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Bolton Says Claims Trump Disparaged U.S. Troops Are ‘Simply False’

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Former National Security Advisor John Bolton said claims asserted by anonymous sources who told The Atlantic that President Donald Trump called fallen U.S. troops and wounded veterans ‘losers’ and ‘suckers’ while on a diplomatic visit to France in 2018 are “simply false.” President Trump has also denied making such comments.

“According to what that article said, the president made disparaging remarks about soldiers and people buried in the cemetery in connection with the decision for him not to go to the ceremony that was planned that afternoon, and that was simply false,” Bolton told Fox News host Martha MacCallum Monday night.

Bolton also said he included the story of that visit to France in his book “The Room Where it Happened,” where he describes exactly why a trip to a cemetery for American war heroes was canceled.

“The main issue was whether or not weather conditions permitted the president to go out to the cemetery,” Bolton asserted, saying Trump accepted the logistical recommendation.

Not a single unnamed source has come out of the shadows to back The Atlantic’s story. The news site’s Editor in Chief Jeffrey Goldberg, who wrote the piece, told CNN host Brian Stelter over the weekend of his decision to publish a piece solely based on anonymous sources, “The formula is simple. What you do is does the public’s right to know or need to know a particular piece of information outweigh the morally complicated and ambiguous qualities of anonymous sourcing?”

Bolton, however, wasn’t the only key source to deny the anonymously made claims. Former Deputy White House Chief of Staff Zach Fuentes exclusively told Breitbart News, “You can put me on record denying that I spoke with The Atlantic. I don’t know who the sources are. I did not hear POTUS call anyone losers when I told him about the weather. Honestly, do you think General Kelly would have stood by and let ANYONE call fallen Marines losers?”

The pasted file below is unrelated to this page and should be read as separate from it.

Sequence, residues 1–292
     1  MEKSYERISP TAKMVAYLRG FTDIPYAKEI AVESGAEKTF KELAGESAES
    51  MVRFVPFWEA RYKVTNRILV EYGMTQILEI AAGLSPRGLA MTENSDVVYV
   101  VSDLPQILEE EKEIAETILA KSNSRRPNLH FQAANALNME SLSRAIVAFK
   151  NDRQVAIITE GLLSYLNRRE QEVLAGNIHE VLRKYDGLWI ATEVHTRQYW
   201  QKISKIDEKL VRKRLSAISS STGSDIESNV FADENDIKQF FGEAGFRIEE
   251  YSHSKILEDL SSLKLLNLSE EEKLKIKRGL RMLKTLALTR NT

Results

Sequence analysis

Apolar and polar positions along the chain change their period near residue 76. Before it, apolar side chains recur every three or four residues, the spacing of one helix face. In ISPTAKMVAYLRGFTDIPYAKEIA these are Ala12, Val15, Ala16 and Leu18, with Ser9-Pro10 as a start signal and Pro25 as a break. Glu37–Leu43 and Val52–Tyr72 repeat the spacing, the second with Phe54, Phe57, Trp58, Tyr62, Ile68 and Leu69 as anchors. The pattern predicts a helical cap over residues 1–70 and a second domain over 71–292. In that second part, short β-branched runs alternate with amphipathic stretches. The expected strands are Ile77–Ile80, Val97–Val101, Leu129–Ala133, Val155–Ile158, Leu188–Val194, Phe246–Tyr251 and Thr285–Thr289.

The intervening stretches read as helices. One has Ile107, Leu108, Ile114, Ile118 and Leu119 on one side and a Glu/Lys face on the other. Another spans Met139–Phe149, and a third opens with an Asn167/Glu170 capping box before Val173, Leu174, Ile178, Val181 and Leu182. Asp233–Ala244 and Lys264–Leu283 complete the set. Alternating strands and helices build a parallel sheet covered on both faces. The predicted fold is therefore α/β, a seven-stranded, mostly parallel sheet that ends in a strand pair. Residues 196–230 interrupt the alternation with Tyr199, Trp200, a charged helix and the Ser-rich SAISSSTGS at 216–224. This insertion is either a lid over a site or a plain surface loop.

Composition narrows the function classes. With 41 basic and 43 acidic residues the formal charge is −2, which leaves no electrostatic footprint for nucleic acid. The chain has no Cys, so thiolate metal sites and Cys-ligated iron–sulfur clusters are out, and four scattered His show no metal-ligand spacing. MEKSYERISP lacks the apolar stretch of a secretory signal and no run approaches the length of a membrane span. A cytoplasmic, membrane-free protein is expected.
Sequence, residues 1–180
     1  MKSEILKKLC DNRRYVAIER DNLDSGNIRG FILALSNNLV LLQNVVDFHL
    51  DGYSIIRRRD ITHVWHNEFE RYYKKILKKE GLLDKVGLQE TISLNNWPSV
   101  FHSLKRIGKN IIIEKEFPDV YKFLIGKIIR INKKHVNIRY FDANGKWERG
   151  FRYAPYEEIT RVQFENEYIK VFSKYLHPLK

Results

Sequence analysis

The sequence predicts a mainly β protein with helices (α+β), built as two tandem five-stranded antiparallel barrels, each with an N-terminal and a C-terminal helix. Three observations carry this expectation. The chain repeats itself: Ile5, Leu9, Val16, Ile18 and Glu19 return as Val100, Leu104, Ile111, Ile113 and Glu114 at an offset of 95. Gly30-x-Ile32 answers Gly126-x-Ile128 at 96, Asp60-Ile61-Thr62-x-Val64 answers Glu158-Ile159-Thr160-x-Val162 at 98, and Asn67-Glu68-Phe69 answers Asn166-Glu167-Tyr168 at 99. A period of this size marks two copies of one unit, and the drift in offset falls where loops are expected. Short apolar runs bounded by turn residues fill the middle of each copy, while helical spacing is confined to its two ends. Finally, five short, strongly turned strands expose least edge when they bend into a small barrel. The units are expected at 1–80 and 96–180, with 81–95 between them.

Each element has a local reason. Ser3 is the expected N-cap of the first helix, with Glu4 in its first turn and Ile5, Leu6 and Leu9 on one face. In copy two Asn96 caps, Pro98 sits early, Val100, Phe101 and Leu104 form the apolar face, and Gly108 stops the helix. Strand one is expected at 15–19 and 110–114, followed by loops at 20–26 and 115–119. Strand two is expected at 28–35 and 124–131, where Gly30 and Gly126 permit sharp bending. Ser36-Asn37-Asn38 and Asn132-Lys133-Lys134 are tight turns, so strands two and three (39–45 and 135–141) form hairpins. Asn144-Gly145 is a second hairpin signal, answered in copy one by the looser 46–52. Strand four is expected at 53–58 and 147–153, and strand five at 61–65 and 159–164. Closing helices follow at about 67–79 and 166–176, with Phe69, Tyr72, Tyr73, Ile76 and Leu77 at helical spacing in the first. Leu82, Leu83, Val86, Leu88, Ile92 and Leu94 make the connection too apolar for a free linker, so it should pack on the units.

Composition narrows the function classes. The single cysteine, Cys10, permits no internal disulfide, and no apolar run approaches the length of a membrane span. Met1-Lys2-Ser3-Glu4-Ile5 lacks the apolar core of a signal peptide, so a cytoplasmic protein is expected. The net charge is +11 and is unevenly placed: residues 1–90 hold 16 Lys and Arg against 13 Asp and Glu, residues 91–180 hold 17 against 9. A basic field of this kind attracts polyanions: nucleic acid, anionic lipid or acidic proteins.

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Pope Francis calls for universal ban on ‘so-called surrogate motherhood’

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Pope Francis called for a universal ban on surrogacy, likening the practice as an unborn child “turned into an object of trafficking.”

“I consider despicable the practice of so-called surrogate motherhood, which represents a grave violation of the dignity of the woman and the child, based on the exploitation of situations of the mother’s material needs,” Francis said in a speech to the Holy See on Monday.

The “uterus for rent” process, as Francis has called it, was estimated to bring in $14 billion in the U.S. in 2022, and is projected to grow to a $129 billion market by 2032. National Review reports Individual surrogacies can cost anywhere from $60,000 to $200,000 plus in the U.S. Rising infertility rates, an increase in the number of fertility clinics, and “sedentary lifestyles” contribute to surrogacy’s recent popularity, according to Global Market Insights.

“A child is always a gift and never the basis of a commercial contract,” Francis continued. “Consequently, I express my hope for an effort by the international community to prohibit this practice universally.”

Surrogacy is already banned in many European countries. In the United States, commercial surrogacy, or for-profit surrogacy, is legal in some states, and the practice has been used by celebrities who are very public with their decision to use surrogacy.

Altruistic surrogacy, the method by which a woman carries another person’s child for no official compensation, is legal in the United Kingdom, Australia, Canada, Hong Kong, South Africa, Greece, and Iceland, according to the National Institutes of Health.

The speech was about threats to peace and human dignity. “A child is always a gift and never the basis of a commercial contract,” Francis continued. “Consequently, I express my hope for an effort by the international community to prohibit this practice universally.”

Francis also listed Russia’s war on Ukraine, the Israel-Hamas war, climate change, and increased weapons production as great threats to peace on Monday.

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